Explore the Unalakleet National Wild River!
The clear, smooth waters of the Unalakleet National Wild River meander gently among the rolling Nulato Hills and across broad expanses of arctic tundra to the seaside village of Unalakleet, Alaska, at the rocky shores of the Norton Sound. Located 400 miles from Anchorage, the village of Unalakleet has approximately 800 people and is accessible only by plane.
The headwaters of the Unalakleet River originate in the Nulato Hills. These rolling hills divide rainfall and snow melt between the Norton Sound and the Yukon River basin. At this point, the river is swift and channelized, once it reaches the valley floor it begins to meander. For most of its length, the river has a varying pool/riffle nature, which offers a great diversity of river characteristics, boating skills, and fishing opportunities.
The name Unalakleet is an Inupiaq Eskimo word meaning "place where the east wind blows." Summer temperatures average from 40° to 60° F. Rain is common throughout the summer and varies between a light mist and a heavy downpour. Weather conditions can change quickly and summer storms can cause water levels to rise rapidly, creating potential floating hazards.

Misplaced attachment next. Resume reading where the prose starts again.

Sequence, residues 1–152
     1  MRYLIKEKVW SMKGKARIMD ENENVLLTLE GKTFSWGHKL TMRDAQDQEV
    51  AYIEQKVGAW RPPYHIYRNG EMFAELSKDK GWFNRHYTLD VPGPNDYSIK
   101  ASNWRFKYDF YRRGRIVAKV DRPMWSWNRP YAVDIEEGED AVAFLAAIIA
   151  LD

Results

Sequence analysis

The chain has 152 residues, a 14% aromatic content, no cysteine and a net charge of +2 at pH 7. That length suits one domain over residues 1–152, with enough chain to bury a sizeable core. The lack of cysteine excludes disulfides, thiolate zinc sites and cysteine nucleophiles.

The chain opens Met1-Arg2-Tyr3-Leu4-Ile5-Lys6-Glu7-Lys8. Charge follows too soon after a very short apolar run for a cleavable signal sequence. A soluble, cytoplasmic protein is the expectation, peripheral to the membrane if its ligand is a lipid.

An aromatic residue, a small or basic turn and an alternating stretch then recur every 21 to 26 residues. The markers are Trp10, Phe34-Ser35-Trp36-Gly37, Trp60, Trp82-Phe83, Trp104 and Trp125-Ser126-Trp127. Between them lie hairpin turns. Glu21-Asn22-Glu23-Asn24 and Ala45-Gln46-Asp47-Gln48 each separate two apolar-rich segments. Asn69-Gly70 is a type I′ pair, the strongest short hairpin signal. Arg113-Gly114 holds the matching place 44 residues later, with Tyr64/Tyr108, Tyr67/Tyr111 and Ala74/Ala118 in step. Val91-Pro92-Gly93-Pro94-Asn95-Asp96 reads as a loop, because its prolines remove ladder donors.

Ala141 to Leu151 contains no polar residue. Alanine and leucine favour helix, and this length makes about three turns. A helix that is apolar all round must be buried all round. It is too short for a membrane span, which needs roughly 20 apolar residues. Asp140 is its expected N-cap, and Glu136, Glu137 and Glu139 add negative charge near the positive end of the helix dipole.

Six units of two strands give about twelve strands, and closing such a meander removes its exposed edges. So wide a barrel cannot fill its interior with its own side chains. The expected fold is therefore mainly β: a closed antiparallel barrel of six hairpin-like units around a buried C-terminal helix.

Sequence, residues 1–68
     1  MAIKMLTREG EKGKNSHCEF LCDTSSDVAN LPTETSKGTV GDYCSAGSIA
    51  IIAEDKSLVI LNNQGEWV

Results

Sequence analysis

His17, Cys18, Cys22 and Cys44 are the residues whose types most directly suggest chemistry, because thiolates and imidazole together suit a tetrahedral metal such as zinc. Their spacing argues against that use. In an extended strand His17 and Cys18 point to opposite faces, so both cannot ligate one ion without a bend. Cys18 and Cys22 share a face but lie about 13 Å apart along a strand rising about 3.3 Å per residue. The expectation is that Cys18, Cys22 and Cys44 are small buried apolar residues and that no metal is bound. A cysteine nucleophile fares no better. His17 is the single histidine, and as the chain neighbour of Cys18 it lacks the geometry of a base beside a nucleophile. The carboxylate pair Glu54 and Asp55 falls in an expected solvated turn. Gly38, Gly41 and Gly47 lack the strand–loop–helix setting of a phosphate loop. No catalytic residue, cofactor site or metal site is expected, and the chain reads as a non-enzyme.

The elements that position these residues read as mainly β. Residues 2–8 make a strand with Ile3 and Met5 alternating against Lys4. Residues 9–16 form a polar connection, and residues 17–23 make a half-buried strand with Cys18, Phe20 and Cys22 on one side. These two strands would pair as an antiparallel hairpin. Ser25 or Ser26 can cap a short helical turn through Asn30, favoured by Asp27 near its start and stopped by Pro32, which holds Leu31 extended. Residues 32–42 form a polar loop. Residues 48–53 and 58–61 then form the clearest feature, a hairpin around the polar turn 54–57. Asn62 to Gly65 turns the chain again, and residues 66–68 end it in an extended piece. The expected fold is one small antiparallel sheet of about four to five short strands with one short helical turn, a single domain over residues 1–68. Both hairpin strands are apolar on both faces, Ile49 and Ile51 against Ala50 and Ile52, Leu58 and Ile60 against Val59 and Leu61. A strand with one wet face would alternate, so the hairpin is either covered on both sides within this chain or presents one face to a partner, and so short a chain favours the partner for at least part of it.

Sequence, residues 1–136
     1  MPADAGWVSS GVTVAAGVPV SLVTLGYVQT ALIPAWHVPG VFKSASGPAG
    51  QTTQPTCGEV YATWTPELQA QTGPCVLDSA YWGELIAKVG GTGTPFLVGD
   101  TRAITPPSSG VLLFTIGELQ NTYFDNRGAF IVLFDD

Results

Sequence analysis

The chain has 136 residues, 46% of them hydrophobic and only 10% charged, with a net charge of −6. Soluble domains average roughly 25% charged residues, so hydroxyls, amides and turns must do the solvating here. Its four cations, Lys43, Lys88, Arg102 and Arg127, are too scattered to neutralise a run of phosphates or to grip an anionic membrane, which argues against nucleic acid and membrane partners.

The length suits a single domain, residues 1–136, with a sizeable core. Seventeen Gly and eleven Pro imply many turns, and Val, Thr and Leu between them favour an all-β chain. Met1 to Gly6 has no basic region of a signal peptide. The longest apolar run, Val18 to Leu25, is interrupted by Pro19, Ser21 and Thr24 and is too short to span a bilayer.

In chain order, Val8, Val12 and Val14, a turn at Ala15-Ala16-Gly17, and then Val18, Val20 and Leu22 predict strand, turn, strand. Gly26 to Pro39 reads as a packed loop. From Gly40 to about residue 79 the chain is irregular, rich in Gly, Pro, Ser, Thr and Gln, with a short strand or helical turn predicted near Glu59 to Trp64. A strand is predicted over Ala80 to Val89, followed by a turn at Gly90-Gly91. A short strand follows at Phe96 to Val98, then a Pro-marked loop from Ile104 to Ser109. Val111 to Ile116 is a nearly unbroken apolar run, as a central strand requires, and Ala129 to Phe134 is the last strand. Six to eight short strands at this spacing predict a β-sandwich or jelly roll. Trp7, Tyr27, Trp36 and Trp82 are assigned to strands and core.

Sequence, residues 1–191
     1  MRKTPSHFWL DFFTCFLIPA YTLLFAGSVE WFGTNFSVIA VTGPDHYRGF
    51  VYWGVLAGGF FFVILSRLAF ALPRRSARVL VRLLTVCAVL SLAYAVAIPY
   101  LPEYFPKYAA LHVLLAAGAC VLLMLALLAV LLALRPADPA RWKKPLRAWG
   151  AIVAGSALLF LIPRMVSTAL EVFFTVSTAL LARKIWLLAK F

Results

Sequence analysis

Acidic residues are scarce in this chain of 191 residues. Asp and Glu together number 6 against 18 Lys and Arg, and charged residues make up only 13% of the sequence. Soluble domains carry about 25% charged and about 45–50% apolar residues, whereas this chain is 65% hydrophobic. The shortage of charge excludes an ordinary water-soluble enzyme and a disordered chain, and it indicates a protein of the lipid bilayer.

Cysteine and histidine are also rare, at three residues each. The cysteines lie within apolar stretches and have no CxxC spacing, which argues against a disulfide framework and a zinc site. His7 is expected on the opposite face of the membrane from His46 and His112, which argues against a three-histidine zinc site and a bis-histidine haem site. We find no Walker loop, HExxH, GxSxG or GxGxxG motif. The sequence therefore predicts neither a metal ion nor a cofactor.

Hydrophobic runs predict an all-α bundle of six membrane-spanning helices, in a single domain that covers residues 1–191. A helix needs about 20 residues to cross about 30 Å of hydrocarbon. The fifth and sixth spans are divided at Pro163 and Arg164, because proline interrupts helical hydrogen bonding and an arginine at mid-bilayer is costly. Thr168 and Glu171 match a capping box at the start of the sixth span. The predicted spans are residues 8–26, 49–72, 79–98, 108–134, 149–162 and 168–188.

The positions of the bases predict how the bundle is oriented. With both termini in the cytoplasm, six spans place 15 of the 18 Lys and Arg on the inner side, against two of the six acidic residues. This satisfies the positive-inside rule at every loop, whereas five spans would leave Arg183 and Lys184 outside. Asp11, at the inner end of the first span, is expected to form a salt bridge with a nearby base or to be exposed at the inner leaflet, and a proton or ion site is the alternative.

A Traditional Way to Travel
Early settlements in Alaska were often located on rivers or along the coast because fishing and hunting opportunities were abundant and rivers provided an excellent way to travel between distant villages. The Unalakleet River was a major avenue of trade in the 19th century, connecting coastal Eskimos, Yukon River interior peoples and Russian merchants.
The Iditarod National Historic Trail runs alongside the Unalakleet River to Bering Sea coast. The trail was once used by Alaska Native hunters, Russian explorers and gold seekers.
Resource Management on the Unalakleet National Wild River
The upper 81 river miles of the Unalakleet are designated a National Wild River and administered by the Bureau of Land Management (BLM). A "wild river" is free of impoundments, generally inaccessible except by trail, with primitive watersheds and shorelines, and has unpolluted waters. The BLM manages the Unalakleet National Wild River to provide high-quality primitive recreation opportunities, protect water quality, protect historic and archaeological values, and preserve the remarkable resources for which the river was designated.
BLM photos by Jake Schlapfer and Melissa Blair